• 6 Posts
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    Da Matser
    • #3
    • 15th Jul 17, 10:29 PM
    • #3
    • 15th Jul 17, 10:29 PM
    Thanks glosoli

    Interest rate is 2.25% on everything
    • A - Combination Mortgage (£26,794 capital repayment, £35,000 interest only)
    • B - Capital Repayment Mortgage (£29,178)

    I can make a lump sum payment of £32,000

    If I use an example lump sum of £25,000 against each of the three elements on the Nationwide Mortgage Overpayment Calculator the savings vary.
    • glosoli
    • By glosoli 15th Jul 17, 10:42 PM
    • 574 Posts
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    glosoli
    • #4
    • 15th Jul 17, 10:42 PM
    • #4
    • 15th Jul 17, 10:42 PM
    Others are better than maths than me thats for sure but given the interest only balance would remain static naturally that's the part which you will pay more interest on into the longer term. Is this endowment the repayment vehicle for the interest only part, or do you have another policy/investment in place?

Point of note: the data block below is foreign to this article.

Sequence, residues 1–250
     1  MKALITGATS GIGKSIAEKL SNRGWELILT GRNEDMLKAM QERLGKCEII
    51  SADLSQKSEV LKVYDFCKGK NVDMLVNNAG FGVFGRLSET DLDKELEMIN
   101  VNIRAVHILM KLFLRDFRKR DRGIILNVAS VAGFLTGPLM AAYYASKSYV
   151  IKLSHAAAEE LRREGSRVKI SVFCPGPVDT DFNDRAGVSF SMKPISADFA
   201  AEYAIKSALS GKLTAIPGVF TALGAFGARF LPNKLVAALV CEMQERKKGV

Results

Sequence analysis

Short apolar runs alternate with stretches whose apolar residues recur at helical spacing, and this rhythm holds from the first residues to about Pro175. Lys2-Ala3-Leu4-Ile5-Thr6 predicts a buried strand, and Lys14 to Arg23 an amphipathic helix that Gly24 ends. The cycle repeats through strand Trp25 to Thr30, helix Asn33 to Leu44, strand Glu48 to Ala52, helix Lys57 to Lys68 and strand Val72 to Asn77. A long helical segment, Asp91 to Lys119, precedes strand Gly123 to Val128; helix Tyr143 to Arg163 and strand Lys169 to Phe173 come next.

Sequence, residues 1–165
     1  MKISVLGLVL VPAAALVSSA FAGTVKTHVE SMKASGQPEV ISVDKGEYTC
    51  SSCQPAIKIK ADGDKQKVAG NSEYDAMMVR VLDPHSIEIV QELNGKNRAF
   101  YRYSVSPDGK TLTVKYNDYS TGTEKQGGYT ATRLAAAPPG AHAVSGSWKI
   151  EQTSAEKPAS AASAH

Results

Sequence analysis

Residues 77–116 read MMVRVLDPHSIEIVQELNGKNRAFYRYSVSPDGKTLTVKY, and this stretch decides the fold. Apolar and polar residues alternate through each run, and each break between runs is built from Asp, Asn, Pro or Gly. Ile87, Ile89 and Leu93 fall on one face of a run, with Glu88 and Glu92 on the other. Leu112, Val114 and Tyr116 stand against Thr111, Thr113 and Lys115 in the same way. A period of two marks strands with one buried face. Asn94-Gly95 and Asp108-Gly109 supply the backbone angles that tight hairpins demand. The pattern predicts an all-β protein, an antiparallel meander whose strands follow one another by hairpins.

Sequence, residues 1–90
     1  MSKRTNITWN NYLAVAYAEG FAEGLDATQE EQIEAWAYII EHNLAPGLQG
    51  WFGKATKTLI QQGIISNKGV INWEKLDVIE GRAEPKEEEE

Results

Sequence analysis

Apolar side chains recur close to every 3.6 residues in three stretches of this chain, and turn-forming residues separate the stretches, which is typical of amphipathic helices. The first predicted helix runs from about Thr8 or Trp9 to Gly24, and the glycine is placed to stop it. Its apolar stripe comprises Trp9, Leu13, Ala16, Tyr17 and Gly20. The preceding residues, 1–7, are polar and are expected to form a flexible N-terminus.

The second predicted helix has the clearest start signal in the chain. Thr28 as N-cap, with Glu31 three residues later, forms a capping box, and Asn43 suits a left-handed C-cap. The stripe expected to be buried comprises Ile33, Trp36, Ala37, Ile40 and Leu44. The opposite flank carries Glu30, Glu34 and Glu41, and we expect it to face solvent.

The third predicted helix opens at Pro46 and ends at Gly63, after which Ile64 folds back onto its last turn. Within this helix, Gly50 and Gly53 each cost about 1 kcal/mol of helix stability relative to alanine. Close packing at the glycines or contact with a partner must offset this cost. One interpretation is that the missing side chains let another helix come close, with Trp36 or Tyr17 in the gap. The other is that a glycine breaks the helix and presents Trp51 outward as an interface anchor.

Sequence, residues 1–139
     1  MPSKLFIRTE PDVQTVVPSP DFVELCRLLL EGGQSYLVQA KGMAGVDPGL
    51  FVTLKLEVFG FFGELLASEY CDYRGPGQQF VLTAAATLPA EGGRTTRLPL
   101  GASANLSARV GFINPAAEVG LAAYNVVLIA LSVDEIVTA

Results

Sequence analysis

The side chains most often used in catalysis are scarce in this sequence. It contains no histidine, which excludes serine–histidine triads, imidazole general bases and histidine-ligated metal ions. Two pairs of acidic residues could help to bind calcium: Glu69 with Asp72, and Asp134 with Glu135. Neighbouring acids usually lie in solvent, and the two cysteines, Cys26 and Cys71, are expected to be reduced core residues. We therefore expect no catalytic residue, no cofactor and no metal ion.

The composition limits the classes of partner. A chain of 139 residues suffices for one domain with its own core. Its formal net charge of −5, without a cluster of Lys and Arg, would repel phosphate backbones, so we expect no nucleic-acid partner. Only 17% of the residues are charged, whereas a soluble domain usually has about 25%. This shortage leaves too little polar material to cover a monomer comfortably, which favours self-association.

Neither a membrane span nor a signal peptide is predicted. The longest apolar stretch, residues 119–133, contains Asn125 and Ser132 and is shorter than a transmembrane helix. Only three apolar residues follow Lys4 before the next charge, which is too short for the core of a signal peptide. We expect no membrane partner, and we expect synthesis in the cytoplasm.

Don't know what others think but personally I would pay down the interest only element to £3,000, and then increasing the repayments on that part so that the balance is cleared off at the same time as the other two mortgages.
    • AnotherJoe
    • By AnotherJoe 15th Jul 17, 10:48 PM
    • 7,042 Posts
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    AnotherJoe
    • #5
    • 15th Jul 17, 10:48 PM
    • #5
    • 15th Jul 17, 10:48 PM
    Paying off the interest only would provide the biggest saving because that's the only element where the interest paid doesn't decrease each year.

    However I don't understand your comment that if you do that, there's a disadvantage you need to pay off the remaining capital at the end of the term. Can you explain ?
    • Da Matser
    • By Da Matser 15th Jul 17, 11:22 PM
    • 6 Posts
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    Da Matser
    • #6
    • 15th Jul 17, 11:22 PM